Norwegian micro brewers find inventive ways to promote their beers.
Norwegian alcohol policy is often a puzzle for visitors, while the natives have adjusted in various ways, either by abstaining from the devil’s drink, by smuggling, by (illegal) home distilling or by taking the trouble to find the liquids you want and paying the price they are sold at.
When it comes to beer, this means a rather cozy arrangement for the insiders, especially for the Carlsberg-owned Ringnes, which controls most of the market, and for the few more or less family owned regional brewers still in business like Aass, Hansa-Borg and Mack. They have full exposure in brightly colored six packs in all the supermarkets, and they supply tankloads of lager to pubs and restaurants. They even brew non-alcoholic versions of some of their beers to be able to market them on billboards and in the press. Next year Carlsberg is even expected to get a grip on the import market via their House of Beer company.
If you run a brewery on a smaller scale, you cannot use these methods, so you are forced to use alternative measures to sell your ales. The two most inventive breweries in Norway, Haandbryggeriet and Nøgne ø, have both been clever when it comes to promoting their beers as well.
Along with other brewers, they had to close down their web sites in Norwegian earlier this year. This means they have had to launch web sites in English, aimed at an international market, to be able to expose their beer. As both of them in fact have a growing export, this was not the same obstacle for them as for some of the other small brewers.
Then there is a struggle to get your beers into supermarkets (for beers up to 4.7% ABV) or Vinmonopolet (the state monopoly stores for stronger alcohol). This has been slow work, with lots of setbacks, but they are getting there. More or less all supermarkets in Norway belong to four chains, so you can imagine facing those if you have a niche product.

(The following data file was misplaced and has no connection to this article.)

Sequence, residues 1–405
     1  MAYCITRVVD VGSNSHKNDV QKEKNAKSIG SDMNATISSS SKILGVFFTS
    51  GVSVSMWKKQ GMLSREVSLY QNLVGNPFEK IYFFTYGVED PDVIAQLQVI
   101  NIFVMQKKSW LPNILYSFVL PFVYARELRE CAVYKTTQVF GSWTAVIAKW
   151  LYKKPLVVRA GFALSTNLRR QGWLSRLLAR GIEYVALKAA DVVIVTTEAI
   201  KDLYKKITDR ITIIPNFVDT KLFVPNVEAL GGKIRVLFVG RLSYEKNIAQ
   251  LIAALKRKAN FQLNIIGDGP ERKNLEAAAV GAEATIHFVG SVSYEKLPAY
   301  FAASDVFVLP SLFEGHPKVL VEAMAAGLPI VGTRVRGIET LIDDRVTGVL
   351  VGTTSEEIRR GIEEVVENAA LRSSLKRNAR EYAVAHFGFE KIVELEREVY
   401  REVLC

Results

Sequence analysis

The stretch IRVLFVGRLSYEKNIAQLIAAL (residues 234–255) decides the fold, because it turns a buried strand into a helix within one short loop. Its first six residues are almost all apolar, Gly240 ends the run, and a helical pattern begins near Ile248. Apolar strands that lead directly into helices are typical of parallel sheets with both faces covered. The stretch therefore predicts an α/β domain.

But there is one thing you can do, which is impossible to stop if you have a legal product – use word of mouth to create a buzz. Nøgne ø did it this summer when they launched their Dark Horizon First Edition, an imperial stout similar to what you find in the more extreme end of the American craft beer scene. By carefully building up the expectations for this, by letting the beer community have a few samples at beer festivals and similar occasions, the demand was high enough for the around 1000 bottles available on the domestic market to be sold out within days. This was despite the fact that they were on special order at Vinmonopolet and were priced far higher than any other beer on the Norwegian market.
Haandbryggeriet is carrying out a similar stunt at the moment, most probably to test the market. They had a new beer, Romjul, entered into a newspaper testing of Christmas beers, a beer brewed at supermarket strength. This beer was not to be seen on any shelves, so I e-mailed them about the distribution. The answer was that this beer is to be found in the ICA supermarkets, but they have only sent one case to each store.
This has meant that all the beer geeks of Norway have been patrolling the ICA shops for the last couple of weeks, waiting for the beers to get distributed. Bulletin boards, e-mails and text messages are used for updates. So far they have been spotted in various locations in Oslo as well as in Trondheim. I won’t tell you where!
What’s next? Nøgne ø has let us now that they have finished brewing Dark Horizon Second Edition. At 18% ABV. But it needs to mature. For a long time. Read their description of the brewing and the ingredients on their web site. Do you think the expectations will build up? As for Haandbryggeriet, they are teasing us with stories of a vintage beer fermented with wild yeast and matured for a year in oak casks….